Travelers Stranded By China’s Flight Cancellations

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China has suspended dozens of flights between China and the United States due to passengers testing positive for Covid-19 on arrival, making booking a flight back even in February almost impossible

As of the last flight cancellations, international capacity to and from China was just 2 percent of pre-Covid levels due to the country’s strict zero-Covid policy of striking out all cases while other parts of the world have been able to open up international travel.

As a result of this mentality, Bank of America Securities analysts said in a note on Tuesday that it is likely to last most of 2022, which is bad news for the 845,000 foreign passport holders in China, whose number has already decreased since the start of the coronavirus outbreak.

Flight master, a Chinese aviation data provider, reported last Friday that 143 return flights were canceled by China’s civil aviation authority in January alone due to the highly transmissible Omicron variant. This is the highest number since June 2020 when it started suspending flights when positive cases were identified.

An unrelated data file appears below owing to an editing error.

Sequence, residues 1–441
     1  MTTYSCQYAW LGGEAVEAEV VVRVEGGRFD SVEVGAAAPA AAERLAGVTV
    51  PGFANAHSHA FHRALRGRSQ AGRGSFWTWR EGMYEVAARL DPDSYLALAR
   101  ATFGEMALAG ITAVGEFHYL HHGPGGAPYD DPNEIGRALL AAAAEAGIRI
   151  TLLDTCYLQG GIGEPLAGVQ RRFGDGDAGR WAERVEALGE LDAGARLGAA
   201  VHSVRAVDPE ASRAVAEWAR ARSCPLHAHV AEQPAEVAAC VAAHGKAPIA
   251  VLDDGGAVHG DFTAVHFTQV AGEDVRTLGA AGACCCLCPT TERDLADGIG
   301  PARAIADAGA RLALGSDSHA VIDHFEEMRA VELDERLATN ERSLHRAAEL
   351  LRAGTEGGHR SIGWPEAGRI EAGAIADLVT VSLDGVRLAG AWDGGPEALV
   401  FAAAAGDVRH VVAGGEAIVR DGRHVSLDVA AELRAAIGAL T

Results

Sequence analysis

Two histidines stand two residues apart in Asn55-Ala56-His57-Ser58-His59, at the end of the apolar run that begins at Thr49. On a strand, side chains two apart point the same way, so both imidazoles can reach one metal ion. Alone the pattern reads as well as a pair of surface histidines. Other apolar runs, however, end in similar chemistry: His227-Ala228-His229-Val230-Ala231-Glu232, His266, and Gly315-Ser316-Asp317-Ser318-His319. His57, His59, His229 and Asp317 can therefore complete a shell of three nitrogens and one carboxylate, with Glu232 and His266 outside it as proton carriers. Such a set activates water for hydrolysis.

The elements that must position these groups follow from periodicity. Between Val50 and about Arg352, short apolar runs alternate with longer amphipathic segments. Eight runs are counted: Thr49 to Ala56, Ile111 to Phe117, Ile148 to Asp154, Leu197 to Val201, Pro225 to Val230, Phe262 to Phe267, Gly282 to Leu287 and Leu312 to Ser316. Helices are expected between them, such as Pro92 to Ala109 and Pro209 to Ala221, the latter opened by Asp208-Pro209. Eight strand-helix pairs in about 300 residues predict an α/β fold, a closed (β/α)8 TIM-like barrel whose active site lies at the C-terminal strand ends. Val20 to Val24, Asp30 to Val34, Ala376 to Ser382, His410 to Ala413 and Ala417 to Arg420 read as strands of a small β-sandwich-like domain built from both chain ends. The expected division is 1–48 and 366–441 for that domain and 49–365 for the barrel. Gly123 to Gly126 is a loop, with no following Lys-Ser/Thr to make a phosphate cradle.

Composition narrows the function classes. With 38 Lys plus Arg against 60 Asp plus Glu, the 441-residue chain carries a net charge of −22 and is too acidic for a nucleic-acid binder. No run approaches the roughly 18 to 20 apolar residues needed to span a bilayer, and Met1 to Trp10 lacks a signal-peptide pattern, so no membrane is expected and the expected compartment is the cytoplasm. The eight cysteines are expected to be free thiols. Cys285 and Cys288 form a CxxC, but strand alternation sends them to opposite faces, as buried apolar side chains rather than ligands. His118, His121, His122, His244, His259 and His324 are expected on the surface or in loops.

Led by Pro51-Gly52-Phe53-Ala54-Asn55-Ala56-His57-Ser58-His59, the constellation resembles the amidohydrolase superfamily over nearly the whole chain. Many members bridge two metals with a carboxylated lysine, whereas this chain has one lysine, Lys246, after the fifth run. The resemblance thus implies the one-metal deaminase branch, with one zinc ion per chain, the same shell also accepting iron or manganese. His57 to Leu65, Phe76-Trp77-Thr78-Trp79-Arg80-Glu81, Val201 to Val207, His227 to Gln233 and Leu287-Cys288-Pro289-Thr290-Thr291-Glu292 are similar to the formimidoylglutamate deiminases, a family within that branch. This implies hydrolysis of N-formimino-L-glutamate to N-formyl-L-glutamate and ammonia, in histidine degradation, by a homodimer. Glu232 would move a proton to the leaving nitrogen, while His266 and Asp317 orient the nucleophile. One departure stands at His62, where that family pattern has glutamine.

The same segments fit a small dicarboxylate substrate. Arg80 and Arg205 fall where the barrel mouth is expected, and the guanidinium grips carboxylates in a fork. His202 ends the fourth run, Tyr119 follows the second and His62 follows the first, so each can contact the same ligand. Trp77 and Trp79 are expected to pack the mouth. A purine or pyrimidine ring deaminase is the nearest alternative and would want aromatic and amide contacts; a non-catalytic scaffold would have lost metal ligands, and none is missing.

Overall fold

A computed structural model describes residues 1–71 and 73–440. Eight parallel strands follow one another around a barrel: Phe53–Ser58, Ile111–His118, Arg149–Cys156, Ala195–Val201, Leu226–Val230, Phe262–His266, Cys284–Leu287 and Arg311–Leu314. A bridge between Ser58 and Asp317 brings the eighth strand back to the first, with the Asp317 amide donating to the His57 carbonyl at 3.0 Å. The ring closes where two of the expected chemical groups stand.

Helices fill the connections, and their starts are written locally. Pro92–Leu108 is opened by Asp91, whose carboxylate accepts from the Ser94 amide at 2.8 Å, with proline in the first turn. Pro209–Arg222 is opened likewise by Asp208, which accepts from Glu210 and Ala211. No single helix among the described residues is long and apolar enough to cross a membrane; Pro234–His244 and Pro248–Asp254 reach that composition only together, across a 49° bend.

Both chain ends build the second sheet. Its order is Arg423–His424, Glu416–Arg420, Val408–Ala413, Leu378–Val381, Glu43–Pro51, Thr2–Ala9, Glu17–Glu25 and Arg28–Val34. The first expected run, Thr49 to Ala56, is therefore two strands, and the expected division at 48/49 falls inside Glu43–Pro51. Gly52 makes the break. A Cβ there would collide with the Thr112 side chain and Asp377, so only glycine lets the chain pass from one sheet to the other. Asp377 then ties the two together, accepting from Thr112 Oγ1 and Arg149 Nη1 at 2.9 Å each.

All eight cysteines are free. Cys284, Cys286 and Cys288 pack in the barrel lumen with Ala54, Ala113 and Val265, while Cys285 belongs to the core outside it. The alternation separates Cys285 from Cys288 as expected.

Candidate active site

Several European and Asian services have also been suspended, which present a major challenge for companies operating in China, according to a representative of the Europe Chamber of Commerce in China.

In China, passengers must start Covid tests seven days before boarding their direct flight into China. This makes it difficult to travel to China if you don’t live in an American city with direct flights.

Taiwan, Korea, and Japan are also considered transit hubs for US-China travelers, leading to the exclusion of less-costly indirect flights.

According to minister Jing Quan of Beijing’s embassy in Washington, Beijing and the U.S. State Department are attempting to strike a balance on the number of commercial flights to China. Charter flights to accommodate Olympians have not been impacted, he added.

Chinese Southern Airlines told the US Department of Transportation (DOT) that it is planning to fly its A380 superjumbos with cargo only from Los Angeles to Guangzhou and to fly passengers in the other direction.

China Eastern Airlines is also submitting an application for cargo-only flights using passenger planes, according to DOT filings. Hainan Airlines has already received US approval for cargo-only flights.

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